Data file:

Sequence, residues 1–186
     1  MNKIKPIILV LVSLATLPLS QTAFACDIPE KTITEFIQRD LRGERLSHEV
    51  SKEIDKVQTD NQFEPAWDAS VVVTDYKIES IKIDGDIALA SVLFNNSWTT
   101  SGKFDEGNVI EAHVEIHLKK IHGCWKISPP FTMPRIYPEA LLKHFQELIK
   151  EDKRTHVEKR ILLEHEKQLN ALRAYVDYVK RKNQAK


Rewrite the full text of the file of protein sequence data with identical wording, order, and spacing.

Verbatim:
Sequence, residues 1–186
     1  MNKIKPIILV LVSLATLPLS QTAFACDIPE KTITEFIQRD LRGERLSHEV
    51  SKEIDKVQTD NQFEPAWDAS VVVTDYKIES IKIDGDIALA SVLFNNSWTT
   101  SGKFDEGNVI EAHVEIHLKK IHGCWKISPP FTMPRIYPEA LLKHFQELIK
   151  EDKRTHVEKR ILLEHEKQLN ALRAYVDYVK RKNQAK